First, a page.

Set cups in a schoolyard fence. Host an online training course. Chalk statistics onto a sidewalk. These are some of the activities suggested for National Kick Butts Day. The day seeks to empower youth to stand against tobacco use by participating in activism at their high school or college. In addition to the activism of this day, we’d like to draw attention to what might not be as common knowledge: the harmful effects tobacco and smoking have on the mouth and eyes. 7 Ways Tobacco Products Can Hurt the Mouth Tobacco products can hurt your mouth in a handful of ways. They can lead to: Bad breath. Nicotine inhibits the body’s ability to produce saliva, and a dry mouth can cause bad breath. Yellowed teeth. The two main culprits that yellow teeth in tobacco products are nicotine and tar. Even though nicotine is colorless, it turns yellow when exposed to oxygen. Gum disease. Nicotine deprives the gums of nutrients and oxygen, which can cause gums to recede. In some cases, tobacco users also experience bleeding or swollen gums. But that’s not it. According to the American Dental Association, the impact of tobacco products on your mouth also includes: Stained tongue Dulled sense of taste and smell Slow healing after a tooth extraction or other surgery Difficulties in correcting cosmetic dental problems Tobacco products can also lead to oral cancer. Why Oral Cancer Screening Is Important The Delta Dental Plans Association has released studies showing smokers are six times as likely to develop oral cancer as nonsmokers. Delta Dental follows the recommendations of The American Cancer Society — that your dentist or primary care doctor check your mouth and throat for oral cancer as part of a routine checkup. The process for screening is simple. Your dentist looks in your mouth for early signs of cancer. Tell your dentist about any swelling, sores, or discoloring around your mouth, lips, or throat. Screening is important for the following reasons: Close to 49,750 Americans will be diagnosed with oral cancer in 2017, according to The Oral Cancer Foundation. According to the foundation, oral cancer will cause close to 10,000 deaths in the U.S. On average, only 60 percent of those with the disease will live more than five years after being diagnosed, according to the Delta Dental Plans Association. By quitting tobacco use, smokers can cut their risk in half in just five years. After 10 years, former smokers have the same risk as people who never used tobacco. 6 Ways Tobacco Products Can Harm the Eyes Not only do tobacco products affect teeth, they can affect eyesight. According to the Centers for Disease Control and Prevention, two of the greatest threats are cataracts and age-related macular degeneration. Cataracts. Cataracts are a clouding of the eye’s lens, which affects your ability to focus. According to the New York State Department of Health, heavy smokers (15 cigarettes a day or more) have up to three times the risk of cataract as nonsmokers. Age-related macular degeneration (or AMD). AMD causes loss in the center of field of vision. Smokers are three to four times more likely to develop AMD than nonsmokers, according to the New York State Department of Health. Smoking also increases the risk for: Glaucoma Diabetic retinopathy Uveitis (an inflammation of the part of the eye called the uvea) Dry eye syndrome (a condition in which a person either doesn’t produce enough tears or produces tears that evaporate too quickly) Never Too Late to Quit Nobody wants a discolored smile or to see the world through blurry lenses. If you are using tobacco, it’s not too late to quit today. By quitting, you can prevent gum disease and/or improve the condition of your gums, as well as lower your chances of eye disease. Tomorrow is National Kick Butts Day. Many high schools, college campuses and other organizations around the nation will participate. You can participate by using the hashtag #ikickbutts.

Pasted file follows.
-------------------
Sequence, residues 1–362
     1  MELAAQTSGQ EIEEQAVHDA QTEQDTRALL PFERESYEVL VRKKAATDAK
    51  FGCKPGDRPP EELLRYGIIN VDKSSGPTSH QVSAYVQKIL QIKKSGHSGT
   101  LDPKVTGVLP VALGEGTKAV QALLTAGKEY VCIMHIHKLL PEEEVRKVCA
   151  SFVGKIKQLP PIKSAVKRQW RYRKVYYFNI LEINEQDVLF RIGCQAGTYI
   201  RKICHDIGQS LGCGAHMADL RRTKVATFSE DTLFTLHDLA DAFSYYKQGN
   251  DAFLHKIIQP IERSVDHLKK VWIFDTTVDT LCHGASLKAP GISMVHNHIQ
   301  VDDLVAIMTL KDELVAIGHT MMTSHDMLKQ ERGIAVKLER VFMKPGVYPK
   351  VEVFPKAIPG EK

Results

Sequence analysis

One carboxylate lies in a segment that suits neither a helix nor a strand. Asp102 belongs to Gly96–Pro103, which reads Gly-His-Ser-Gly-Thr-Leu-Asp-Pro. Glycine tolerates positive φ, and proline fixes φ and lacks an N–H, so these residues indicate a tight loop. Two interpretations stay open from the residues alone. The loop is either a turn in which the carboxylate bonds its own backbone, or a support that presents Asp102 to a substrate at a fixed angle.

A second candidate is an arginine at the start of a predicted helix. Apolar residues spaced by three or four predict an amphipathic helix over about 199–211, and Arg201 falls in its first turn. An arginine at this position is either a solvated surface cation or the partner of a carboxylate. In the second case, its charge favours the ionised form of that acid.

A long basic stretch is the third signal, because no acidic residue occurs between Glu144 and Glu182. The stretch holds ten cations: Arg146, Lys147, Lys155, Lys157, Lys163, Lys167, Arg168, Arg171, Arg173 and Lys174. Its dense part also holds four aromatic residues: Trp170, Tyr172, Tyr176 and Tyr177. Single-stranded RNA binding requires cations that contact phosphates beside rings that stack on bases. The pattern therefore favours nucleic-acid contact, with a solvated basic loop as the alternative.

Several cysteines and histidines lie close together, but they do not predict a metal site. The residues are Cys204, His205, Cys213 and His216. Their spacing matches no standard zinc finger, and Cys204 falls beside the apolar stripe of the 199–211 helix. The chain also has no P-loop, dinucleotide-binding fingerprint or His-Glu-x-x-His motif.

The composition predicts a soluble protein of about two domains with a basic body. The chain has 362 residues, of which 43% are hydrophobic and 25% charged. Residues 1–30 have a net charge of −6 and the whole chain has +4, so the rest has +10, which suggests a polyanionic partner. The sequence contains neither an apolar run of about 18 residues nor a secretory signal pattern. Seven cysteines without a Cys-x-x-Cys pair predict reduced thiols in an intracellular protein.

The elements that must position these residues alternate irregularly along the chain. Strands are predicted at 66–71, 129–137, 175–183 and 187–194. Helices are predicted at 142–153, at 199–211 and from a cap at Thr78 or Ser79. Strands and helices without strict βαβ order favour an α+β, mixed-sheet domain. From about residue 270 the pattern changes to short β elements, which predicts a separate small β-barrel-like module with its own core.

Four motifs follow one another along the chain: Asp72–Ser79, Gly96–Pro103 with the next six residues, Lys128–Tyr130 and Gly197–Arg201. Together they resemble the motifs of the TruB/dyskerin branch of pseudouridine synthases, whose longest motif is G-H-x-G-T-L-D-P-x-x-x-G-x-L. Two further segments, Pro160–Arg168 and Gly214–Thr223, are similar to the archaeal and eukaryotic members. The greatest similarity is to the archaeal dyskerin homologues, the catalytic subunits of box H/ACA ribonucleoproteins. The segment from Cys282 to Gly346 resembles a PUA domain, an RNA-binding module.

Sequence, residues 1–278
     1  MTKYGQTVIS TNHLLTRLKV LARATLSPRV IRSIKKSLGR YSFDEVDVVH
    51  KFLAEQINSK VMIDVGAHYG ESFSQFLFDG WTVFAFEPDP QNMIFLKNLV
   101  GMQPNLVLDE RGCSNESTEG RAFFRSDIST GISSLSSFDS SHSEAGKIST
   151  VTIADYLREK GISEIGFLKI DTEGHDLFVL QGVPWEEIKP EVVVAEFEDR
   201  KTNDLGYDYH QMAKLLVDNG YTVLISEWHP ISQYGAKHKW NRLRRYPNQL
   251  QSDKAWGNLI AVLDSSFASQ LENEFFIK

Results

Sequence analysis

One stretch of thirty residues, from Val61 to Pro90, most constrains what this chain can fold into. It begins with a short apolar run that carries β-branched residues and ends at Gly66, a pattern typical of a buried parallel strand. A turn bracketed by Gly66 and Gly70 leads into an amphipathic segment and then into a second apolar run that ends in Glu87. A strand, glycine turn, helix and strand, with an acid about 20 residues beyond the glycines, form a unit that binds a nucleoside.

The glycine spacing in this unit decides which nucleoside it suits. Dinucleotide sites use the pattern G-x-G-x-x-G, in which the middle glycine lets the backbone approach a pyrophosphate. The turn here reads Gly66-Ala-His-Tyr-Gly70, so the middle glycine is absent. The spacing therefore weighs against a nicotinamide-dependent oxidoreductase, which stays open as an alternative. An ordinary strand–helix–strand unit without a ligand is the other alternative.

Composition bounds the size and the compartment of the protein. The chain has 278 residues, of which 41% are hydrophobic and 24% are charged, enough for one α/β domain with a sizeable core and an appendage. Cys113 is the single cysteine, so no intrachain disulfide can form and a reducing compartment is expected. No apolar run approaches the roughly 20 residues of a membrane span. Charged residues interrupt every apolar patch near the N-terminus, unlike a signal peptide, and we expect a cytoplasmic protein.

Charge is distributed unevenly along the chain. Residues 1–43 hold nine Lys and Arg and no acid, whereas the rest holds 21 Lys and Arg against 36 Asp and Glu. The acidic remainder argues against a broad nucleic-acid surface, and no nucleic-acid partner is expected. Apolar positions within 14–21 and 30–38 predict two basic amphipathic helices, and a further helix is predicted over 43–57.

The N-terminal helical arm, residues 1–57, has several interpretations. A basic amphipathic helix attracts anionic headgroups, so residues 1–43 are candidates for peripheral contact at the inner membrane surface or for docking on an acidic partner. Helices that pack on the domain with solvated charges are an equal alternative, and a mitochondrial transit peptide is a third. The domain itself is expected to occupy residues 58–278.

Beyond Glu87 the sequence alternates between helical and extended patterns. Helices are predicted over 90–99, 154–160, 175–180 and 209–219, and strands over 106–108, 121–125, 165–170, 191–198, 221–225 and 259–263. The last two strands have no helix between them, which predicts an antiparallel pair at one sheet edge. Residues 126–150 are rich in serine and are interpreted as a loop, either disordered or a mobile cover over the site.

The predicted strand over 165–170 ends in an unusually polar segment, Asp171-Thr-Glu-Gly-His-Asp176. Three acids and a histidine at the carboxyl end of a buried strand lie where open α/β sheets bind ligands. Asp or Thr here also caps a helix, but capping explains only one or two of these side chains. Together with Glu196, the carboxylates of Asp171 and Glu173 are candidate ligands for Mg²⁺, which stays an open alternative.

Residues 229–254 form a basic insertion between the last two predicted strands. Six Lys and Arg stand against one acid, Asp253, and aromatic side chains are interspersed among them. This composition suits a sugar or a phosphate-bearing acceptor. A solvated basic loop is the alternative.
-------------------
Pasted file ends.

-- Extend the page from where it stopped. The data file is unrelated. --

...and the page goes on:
A Parent’s Plan to the Perfect Pajama Party: 3 DIYs To Get The Party Started

by Noelle Reinhold 12/10/2015 8:00 AM

So, you’ve decided to be brave and host your child’s slumber party. Good for you, gallant guardian! Like adults, it’s important for little ones to have “goof around time” where they can unwind, unplug and socialize (i.e. your Tuesday taco night with the ladies).... more...